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I need to check if a string represents a valid namespace format. A namespace is comprised of ids separated with dots. Each id starts with an alphabetic character and continues with an alphanumeric character.

Valid namespaces:


Invalid namespaces:

"com "
" com"

Currently I use this simple regexp but it really don't check all of those invalid namespaces:

if( /^[\w\.]$/.test( namespaceStr ) ) {
  //valid namespace
} else {
  //invalid namespace

Any better suggestion for a small and efficient way to check if a string represents a valid namespace?

Here is a little jsfiddle that you can use for testing this regular expression: http://jsfiddle.net/bA85y/

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up vote 4 down vote accepted

Edit: This one should work for every case:


If you don't care about capturing groups even shorter:


A little explanation:

^ // Start
( // Open group
[a-z]\d* // Must start by letter and may be followed by a number (greedy)
(\.[a-z])? // It may be followed by a dot only if it's followed by a letter (non-greedy)
)+ // Close group and match at least once so we get rid of empty values
$ // Ends, not allow any other characters

Demo: http://jsfiddle.net/elclanrs/5hnQV/

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Added a better regex, that should do it for most of those cases. – elclanrs Oct 16 '12 at 8:49
check this string by your pattern: com.company.package.1 – Hashem Qolami Oct 16 '12 at 9:11
Yeah just add \d. Check edit. – elclanrs Oct 16 '12 at 9:13
there's something wrong yet! Each id starts with an alphabetic character and continues with an alphanumeric character so why this string can not be valid? com.company4 or c0m – Hashem Qolami Oct 16 '12 at 9:21
Not sure if thats valid but I think it would be as simple as adding \d* /^(?:[a-z]\d*\.?)+[^.\s\d]$/i. Haven't tried. – elclanrs Oct 16 '12 at 9:25

Try this pattern:


EDIT: this is a reversion of @elclanrs jsfiddle

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Almost the same as mine, but I think yours is better as it doesn't capture the group with the "?:". I think you just should add the 'i' flag. – Pato Oct 16 '12 at 9:19
@Pato, you're right, but I just wanted to show how pattern should be, excepting the flags :D – Hashem Qolami Oct 16 '12 at 9:26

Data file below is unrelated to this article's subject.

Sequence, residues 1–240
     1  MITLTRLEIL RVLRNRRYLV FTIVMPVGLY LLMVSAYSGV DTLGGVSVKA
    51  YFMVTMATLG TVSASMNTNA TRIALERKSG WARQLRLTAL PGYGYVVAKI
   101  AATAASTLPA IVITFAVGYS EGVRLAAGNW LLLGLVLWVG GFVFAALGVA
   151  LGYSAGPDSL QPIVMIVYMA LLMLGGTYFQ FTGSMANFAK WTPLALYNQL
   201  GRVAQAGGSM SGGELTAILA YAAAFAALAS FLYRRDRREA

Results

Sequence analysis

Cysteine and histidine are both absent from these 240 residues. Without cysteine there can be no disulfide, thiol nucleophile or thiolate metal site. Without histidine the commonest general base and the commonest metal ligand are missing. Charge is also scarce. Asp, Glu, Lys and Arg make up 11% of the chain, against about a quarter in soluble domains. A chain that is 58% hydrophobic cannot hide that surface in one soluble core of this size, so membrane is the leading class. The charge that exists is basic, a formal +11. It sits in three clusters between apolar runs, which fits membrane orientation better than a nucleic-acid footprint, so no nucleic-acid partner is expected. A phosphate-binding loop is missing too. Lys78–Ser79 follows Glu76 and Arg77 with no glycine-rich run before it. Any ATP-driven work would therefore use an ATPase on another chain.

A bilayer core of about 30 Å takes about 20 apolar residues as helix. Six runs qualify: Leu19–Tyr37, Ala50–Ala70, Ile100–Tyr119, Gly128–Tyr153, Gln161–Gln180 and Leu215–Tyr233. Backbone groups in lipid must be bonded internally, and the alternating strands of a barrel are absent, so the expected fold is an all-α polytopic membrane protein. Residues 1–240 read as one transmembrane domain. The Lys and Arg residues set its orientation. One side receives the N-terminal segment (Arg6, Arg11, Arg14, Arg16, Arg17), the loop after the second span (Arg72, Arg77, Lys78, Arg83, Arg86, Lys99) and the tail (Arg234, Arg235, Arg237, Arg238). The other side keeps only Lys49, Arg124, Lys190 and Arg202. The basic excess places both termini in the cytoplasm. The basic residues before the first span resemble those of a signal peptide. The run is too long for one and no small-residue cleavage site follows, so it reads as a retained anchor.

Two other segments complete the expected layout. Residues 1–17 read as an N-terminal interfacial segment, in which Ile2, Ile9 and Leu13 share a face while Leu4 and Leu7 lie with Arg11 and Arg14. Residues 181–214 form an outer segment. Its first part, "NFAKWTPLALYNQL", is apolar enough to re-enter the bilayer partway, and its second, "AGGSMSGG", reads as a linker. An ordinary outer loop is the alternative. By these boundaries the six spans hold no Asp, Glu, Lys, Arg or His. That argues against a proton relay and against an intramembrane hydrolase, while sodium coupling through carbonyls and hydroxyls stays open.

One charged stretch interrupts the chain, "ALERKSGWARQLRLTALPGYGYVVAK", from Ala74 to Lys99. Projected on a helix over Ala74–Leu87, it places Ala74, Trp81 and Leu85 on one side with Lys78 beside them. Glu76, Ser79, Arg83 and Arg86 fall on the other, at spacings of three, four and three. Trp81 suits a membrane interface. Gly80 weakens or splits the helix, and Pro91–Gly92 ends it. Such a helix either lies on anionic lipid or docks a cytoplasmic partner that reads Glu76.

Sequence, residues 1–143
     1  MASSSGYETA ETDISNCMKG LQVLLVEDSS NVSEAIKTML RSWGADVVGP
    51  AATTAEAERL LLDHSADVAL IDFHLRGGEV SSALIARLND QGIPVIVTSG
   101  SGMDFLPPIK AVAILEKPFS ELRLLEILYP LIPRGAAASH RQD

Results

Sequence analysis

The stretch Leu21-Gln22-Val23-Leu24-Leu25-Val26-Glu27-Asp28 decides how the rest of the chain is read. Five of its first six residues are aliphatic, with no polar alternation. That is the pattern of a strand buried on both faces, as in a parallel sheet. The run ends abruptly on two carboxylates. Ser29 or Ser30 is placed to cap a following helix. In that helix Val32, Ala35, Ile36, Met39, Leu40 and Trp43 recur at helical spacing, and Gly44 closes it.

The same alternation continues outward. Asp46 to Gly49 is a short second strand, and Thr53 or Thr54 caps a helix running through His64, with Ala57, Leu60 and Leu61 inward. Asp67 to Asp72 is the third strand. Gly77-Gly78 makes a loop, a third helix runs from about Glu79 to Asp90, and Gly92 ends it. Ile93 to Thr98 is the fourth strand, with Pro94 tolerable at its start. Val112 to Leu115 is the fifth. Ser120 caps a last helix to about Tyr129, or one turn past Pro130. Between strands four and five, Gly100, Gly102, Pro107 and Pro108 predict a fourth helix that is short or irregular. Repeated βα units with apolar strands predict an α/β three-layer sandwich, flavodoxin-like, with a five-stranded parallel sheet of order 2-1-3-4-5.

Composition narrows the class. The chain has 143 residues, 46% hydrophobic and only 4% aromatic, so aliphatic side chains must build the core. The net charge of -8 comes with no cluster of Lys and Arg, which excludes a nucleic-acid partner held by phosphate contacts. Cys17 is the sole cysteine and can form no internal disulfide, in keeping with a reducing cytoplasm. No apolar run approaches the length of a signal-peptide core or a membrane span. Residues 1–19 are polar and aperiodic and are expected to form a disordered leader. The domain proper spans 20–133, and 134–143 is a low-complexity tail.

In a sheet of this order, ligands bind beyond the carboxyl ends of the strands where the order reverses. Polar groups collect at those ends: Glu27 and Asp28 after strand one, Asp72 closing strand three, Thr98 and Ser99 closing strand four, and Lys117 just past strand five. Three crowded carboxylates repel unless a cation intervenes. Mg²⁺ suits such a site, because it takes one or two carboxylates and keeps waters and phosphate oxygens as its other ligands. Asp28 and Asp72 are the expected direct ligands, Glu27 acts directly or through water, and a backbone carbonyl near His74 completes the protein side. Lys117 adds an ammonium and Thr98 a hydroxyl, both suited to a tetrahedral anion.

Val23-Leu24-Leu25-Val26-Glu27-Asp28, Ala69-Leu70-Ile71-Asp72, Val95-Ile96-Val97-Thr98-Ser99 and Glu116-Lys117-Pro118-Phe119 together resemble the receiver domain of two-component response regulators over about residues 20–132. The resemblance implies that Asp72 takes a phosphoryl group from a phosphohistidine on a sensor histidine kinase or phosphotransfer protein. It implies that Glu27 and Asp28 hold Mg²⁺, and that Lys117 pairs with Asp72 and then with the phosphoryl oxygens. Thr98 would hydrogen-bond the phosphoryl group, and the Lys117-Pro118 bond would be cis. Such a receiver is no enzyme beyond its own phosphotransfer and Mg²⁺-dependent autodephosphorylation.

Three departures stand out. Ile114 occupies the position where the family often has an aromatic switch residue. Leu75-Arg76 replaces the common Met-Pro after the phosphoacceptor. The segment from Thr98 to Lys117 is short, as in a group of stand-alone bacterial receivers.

@HashemQolami: In JS you can use \d instead of 0-9 you can save some bytes right there. Just a tip. xD – elclanrs Oct 16 '12 at 9:29
@elclanrs, you're right too :D sure, just a habit (Bad one) – Hashem Qolami Oct 16 '12 at 9:39

I think you are looking for this:



This one is a little better (with ?: and \d inspired by @HashemQolami and @elclanrs):


And this one is shorter but does the same job:


And this one too, using lookahead to test that it doesn't end with a .:


Please note that the selected answer doesn't work with "a.b.c" or in some cases with more than two levels.


I've made a little (very basic) test:

var valid = [

var invalid = [
"com ",
" com",

function testRegex(regex, list)
    var res=[];
    for(var i=0; i<list.length; i++)
            res.push(list[i] + " ==> matched");
            res.push(list[i] + " ==> NOT matched");

    return res.join('<br>');

var regex = /^[a-z][a-z0-9]*(\.[a-z][a-z0-9]*)*$/i;

var html = "<p>VALID</p>";
html += testRegex(regex, valid);
html += "<p>INVALID</p>";
html += testRegex(regex, invalid);

document.write("<div>" + html + "</div>");
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Based on @dionyziz answer this work:

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The following regular expression will do what you need. It checks for an alphabetic string and then allows multiple other alphabetic strings separated by a dot.

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this doesn't work properly. please see: jsfiddle.net/bA85y/1 – AlexStack Oct 16 '12 at 9:46
Thank you @AlexStack, I fixed the regular expression. – dionyziz Oct 16 '12 at 18:18
you're welcome. this version still doesn't allow numbers. – AlexStack Oct 17 '12 at 9:12

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